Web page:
Hovering on the cusp between representation and abstraction, La Pioggia’s long metal rods are clustered together at the top by a halo-esque cloud, while the streaks of rain have formed circular puddles on the ground beneath. As pointed out by the art historian Jole de Sanna: “The ecstatic field opened by the phenomenal moment generated by nature functions as a suspended moment in Melotti’s essentially moral meditation on the essence of things” (Jole de Sanna, ‘Commentaries on selected works’, in: Exh. Cat., Nagoya, Aichi Prefectural Museum of Art, Fausto Melotti, April – June 1999, p. 212). Purporting a visual representation of the idyll, the work can be linked to Hellenistic literature, in which the idyll explores aspects of nature in their moment of origin. Beautifully invoking the purity of Melotti’s pursuit of profound emotional experiences through a universally accessible symbolic language, the present work displays the primary concerns of the artist’s mature practice.

From the outset of his artistic career in the early 1930s in Milan, Melotti was a key member of the post-war Milanese avant-garde. Following his degree in electrotechnical engineering at the University of Pisa in 1924, Melotti studied figurative art under the Symbolist sculptor Adolfo Wildt at the Accademia dell Brera in Milan. An active member of the vibrant artistic milieu of pre-war Milan, Melotti befriended fellow student Lucio Fontana, whose work would have a lasting influence on him, as well as the Rationalist architects of Gruppo 7 and the abstract artists associated with the Galleria del Milione. Highly influenced by Fontana, he joined the Abstraction-Creations movement and firmly embraced the dialectic of non-figurative art. However, like many of the post-war European avant-garde, the horrors of the Second World War provoked a change in direction in his art. He began a series of miniature 'theatre scenes' –  complete with small characters and objects – that were familiarly known as teatrini. Decades later, during the 1960s and 70s, he introduced this narrative element into his late works. Permeated with playful narratives and lyrical import, these metal sculptures have since garnered great international acclaim.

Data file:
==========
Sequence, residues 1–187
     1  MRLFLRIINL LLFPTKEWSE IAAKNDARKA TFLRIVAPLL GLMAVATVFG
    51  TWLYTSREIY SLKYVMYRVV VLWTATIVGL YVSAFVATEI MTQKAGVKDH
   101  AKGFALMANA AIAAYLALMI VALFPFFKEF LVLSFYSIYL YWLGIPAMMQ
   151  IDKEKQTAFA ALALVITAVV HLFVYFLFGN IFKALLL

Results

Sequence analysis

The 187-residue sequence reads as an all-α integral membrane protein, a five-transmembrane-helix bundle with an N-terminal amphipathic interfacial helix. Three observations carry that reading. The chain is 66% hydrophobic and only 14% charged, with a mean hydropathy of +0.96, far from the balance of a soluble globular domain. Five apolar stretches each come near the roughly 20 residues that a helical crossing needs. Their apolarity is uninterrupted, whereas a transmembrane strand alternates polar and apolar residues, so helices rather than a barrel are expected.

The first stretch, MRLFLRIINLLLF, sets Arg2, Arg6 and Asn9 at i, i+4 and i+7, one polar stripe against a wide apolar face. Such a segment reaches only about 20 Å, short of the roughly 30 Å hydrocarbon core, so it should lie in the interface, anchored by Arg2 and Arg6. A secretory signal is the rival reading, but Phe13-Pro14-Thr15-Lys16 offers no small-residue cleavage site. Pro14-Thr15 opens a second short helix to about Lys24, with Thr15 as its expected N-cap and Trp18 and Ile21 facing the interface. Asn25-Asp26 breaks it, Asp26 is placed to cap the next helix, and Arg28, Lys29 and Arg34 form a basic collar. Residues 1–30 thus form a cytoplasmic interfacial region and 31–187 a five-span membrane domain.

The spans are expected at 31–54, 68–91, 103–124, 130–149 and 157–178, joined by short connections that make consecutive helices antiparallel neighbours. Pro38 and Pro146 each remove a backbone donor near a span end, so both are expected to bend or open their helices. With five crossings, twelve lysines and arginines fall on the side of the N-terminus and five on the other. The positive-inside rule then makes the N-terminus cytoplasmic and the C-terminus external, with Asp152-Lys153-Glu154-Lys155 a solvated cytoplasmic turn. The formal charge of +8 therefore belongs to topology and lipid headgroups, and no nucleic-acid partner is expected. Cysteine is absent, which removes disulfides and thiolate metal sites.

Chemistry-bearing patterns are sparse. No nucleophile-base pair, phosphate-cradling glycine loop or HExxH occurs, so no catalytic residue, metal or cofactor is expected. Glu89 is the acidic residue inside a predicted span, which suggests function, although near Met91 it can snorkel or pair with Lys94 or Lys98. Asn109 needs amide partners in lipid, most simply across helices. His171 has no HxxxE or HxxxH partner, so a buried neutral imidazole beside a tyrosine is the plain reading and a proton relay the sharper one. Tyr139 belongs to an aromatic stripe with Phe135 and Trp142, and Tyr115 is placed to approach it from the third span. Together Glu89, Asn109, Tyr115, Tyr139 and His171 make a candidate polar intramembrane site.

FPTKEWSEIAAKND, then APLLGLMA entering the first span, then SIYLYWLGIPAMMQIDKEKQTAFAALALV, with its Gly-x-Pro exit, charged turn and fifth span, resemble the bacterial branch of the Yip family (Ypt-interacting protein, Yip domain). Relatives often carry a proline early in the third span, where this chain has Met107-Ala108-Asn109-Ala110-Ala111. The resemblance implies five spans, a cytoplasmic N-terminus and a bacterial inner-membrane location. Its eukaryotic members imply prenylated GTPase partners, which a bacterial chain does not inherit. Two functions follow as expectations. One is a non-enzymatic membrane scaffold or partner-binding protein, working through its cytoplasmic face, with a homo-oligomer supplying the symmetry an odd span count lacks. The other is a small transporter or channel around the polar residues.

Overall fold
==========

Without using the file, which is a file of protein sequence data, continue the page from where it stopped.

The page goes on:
With a dainty fragility that contradicts any traditional notion of sculpture’s sturdy monumentality, La Pioggia truly encapsulates the poetry, mastery of composition and form along with the visual and technical excellence that Melotti had achieved at this point in his career. As Jole de Sanna so poignantly declared: "The art of Fausto Melotti – secret, lyrical, poetic – opens a window onto our century, illuminating the intersection between classical culture and the birth of the avant garde” (Jole de Sanna ‘ Enchanted Lyricist’ in: Exh. Cat., New York, Paolo Baldacci Gallery, Fausto Melotti: Anti-sculpture, 1994, p. 9).